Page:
I think that it would help if Park Tool changed the name of the tool from "pedal wrench" to "pedal removal wrench." The large size of the tool only encourages people to tighten the hell out of them.

Park Tool would benefit, too. They could sell a smaller wrench and call it a "pedal installation wrench." They already sell some tools of questionable need. It would fit right in.
SR, I just saw experienced mechanics of loud sounded bicycle brands, tightening pedals with that famous Park wrench "pedal removal" tool. I saw this here in Israel and the most serious part is that they were doing this in carbon cranks!
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Old 04-24-06, 09:31 PM   #15
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clean and grease the threads, make sure that the "face" of the crank arm is clean and make sure the shoulder of the pedal axle is clean too.

Tighten only with as much force as you are willing to exert to remove the pedal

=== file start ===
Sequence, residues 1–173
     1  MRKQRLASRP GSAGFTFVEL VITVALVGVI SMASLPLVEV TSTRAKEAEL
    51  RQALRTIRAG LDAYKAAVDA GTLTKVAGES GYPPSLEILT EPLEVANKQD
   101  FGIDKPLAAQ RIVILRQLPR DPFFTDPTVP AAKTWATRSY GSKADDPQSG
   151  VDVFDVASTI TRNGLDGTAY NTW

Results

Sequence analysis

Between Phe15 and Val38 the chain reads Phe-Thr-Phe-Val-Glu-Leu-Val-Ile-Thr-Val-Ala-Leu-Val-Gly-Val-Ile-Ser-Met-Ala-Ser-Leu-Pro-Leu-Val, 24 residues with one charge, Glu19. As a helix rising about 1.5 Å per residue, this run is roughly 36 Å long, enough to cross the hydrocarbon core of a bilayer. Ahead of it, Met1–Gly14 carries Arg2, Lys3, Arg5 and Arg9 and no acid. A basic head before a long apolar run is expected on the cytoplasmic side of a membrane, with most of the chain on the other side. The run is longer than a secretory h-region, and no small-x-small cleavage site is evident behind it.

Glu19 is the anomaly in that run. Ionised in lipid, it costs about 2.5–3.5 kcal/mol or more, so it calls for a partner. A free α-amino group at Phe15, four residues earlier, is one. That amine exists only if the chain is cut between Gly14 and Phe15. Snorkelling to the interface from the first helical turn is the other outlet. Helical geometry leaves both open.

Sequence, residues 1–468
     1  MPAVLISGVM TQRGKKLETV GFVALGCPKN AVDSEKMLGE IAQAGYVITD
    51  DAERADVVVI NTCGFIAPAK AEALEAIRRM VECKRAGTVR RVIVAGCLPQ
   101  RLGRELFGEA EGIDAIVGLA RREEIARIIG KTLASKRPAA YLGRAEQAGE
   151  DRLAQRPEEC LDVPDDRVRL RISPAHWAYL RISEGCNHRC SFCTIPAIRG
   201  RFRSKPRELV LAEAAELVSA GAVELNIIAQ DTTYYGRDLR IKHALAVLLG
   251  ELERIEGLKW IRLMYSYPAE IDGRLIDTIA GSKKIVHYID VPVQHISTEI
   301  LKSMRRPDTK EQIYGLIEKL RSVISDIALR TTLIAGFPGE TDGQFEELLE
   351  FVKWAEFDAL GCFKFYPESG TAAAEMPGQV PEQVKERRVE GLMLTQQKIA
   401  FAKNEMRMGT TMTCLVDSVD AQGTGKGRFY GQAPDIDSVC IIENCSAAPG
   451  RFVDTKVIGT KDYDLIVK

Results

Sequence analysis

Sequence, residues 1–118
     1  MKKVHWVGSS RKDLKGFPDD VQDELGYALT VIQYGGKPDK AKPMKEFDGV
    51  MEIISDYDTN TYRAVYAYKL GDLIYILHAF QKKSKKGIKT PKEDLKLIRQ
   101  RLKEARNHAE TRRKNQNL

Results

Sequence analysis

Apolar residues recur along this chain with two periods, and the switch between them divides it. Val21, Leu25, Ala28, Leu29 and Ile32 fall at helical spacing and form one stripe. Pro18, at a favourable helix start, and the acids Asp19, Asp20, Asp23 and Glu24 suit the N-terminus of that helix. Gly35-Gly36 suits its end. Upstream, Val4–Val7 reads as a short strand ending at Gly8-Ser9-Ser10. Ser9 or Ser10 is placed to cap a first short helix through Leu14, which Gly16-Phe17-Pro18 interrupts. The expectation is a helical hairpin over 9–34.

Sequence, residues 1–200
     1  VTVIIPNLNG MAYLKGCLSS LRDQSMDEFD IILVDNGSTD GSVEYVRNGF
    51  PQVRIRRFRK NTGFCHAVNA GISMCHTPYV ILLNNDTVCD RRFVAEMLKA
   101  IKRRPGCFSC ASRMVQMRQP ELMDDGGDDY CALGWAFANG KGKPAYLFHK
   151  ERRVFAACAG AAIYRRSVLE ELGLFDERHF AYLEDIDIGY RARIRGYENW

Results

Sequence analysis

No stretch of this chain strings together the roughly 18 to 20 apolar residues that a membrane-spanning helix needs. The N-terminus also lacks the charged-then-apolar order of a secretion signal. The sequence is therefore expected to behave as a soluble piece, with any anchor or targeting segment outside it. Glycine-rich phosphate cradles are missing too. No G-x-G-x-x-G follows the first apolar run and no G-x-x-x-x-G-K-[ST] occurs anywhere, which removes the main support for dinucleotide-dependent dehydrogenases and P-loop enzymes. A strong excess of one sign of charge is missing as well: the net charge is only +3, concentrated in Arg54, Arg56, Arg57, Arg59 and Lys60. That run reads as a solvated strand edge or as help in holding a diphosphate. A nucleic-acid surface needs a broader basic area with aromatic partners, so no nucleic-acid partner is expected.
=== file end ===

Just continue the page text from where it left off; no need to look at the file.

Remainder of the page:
If your wrench is just under a foot, say 9 " , think 40#'s and you will be close enough

Good contact between the shoulder of the pedal and and the face of the crank with some elastic deformation from preload is the key.
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Old 04-24-06, 09:42 PM   #16
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Quote:
Originally Posted by TSrider
Finger tight or just seated with a wrench is enough. They are tight to come off since they get tighter with normal pedalling motion. That is why the left pedal is reverse thread.